Turkey in Mole Sauce Recipe

Mole Poblano de Guajolote

Everyone can enjoy this traditional Mexican Thanksgiving and Christmas dinner recipe of Turkey in Mole Sauce (Mole Poblano de Guajolote) dinner. Mexican Americans and others have put their own gastronomical twist on Thanksgiving meals. Those recipes are the ones I hope to share with you here. These are not “tradition,” nor are they found at all Thanksgiving celebrations, which include Latin American foods, but they are the foods many consider a Thanksgiving meal in the Southwest.

Foods such as this Turkey in Mole Sauce, posole (hominy), Mexican Tripe Soup (Menudo), Enchiladas, Tamales, different varieties of potatoes, Beans, an array of salads, along with other foods, both traditional (to Americans) and not so traditional.

This Turkey in Mole Sauce recipe, comments, and photos are courtesy of Cynthia Detterick-Pineda of Andrews, TX.


Mole Poblano


History: The traditions of Thanksgiving and Christmas were transplanted into the Mexican culture. Most of us know the American tradition of Thanksgiving, and the story of how the Indians and settlers at Plymouth Rock shared a meal and festivities. Did you know that the meal they shared was nothing like the meals we consider a Thanksgiving Dinner now? The meal was probably more like what the Indians across the Americas ate for years, mainly wild meats, whatever vegetables were in season, and no pumpkin pie. It is hard to imagine Thanksgiving without pumpkin pie, but the use of sugar in cooking was rare, especially for the settlers at Plymouth who had only the supply of sugar brought over on the boat.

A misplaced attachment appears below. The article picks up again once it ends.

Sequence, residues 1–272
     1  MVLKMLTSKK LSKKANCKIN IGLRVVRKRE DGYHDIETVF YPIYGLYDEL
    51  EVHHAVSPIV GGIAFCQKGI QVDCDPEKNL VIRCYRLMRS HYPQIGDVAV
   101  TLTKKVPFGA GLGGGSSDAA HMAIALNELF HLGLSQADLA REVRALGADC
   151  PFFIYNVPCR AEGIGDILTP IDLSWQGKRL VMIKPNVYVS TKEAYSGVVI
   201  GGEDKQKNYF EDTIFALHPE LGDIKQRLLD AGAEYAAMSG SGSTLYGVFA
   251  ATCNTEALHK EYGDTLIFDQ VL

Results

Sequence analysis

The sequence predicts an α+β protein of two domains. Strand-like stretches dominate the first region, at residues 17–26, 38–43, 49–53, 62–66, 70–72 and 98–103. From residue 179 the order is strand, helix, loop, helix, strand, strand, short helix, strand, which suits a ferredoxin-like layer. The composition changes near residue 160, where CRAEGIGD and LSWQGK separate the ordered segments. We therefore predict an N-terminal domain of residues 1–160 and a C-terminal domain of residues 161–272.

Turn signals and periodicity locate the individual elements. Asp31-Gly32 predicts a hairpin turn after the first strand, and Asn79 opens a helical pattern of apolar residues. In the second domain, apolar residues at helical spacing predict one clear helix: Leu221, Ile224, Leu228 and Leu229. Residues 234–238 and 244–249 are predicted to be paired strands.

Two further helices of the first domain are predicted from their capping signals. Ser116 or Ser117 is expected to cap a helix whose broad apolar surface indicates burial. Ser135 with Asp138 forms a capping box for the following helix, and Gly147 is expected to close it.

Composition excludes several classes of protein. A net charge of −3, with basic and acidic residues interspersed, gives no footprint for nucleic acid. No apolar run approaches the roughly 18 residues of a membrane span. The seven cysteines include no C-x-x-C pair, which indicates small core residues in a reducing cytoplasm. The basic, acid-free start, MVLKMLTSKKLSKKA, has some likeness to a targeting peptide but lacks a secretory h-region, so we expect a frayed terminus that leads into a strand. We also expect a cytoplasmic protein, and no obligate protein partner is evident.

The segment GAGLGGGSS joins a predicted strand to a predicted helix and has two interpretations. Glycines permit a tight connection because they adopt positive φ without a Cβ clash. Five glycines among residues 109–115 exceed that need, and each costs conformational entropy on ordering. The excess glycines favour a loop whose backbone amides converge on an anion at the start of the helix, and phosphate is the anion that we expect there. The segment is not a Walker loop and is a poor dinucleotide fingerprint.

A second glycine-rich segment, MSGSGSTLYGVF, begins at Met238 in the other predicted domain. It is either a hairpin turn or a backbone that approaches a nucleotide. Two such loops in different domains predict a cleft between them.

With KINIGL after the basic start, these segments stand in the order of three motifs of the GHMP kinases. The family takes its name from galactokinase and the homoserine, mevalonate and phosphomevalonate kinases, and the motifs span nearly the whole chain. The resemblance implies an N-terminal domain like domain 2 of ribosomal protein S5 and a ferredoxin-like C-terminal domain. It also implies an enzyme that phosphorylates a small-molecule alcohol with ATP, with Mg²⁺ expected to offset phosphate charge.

On November 1, 1872, state of New Hampshire passed a proclamation to make the 28th of November officially Thanksgiving. Over time, Thanksgiving began to be celebrated the third Thursday in November instead of a set day. But whichever day Thanksgiving falls on, it has become a cross cultural celebration with the foods of many different nations being fused into the meal. It has become even more of what the settlers at Plymouth and the Indians had made it then, a celebration of peace among people from different cultures and origins. It was only natural that other countries would take this idea of a celebration and feasting to give thanks and integrate it into their own holidays. Mexico is no exception to that.

Turkey in Mole Sauce Recipe – Mole Poblano de Guajolote:

Turkey in Mole Sauce Recipe - Mole Poblano de Guajolote

Prep Time: 30 minutes

Cook Time: 20 mins. per lb.

Yield: serves many


1 (15 to 20 pound) turkey, fresh or thawed, with giblets and neck removed.
1/2 cup butter, room temperature or softened, divided
Turkey Stuffing or your favorite stuffing/dressing recipe
3 to 4 slices uncooked bacon
Basting Juice (see recipe below) or use the juices that drain off



Clean turkey well, removing any bits of pin feathers and cleaning the cavity of any remaining pieces of innards. Pat dry with paper towels. Secure legs with twine or a clip (optional).

Preheat barbecue grill. Instead of using a roasting pan, it is easier to use a homemade pan from extra heavy duty foil (using three layers of aluminum foil and making it just big enough to hold the bird - the sides need to be about 2 1/2-inches high).

Rub the inside cavity of the turkey with 1/4 cup of the softened butter.

Stuff the inside cavity with your favorite stuffing/dressing recipe. Also place a little stuffing in the neck cavity, tuck the neck skin under and skewer shut. With any remaining turkey stuffing, stuff a little of it between the skin and the breast meat.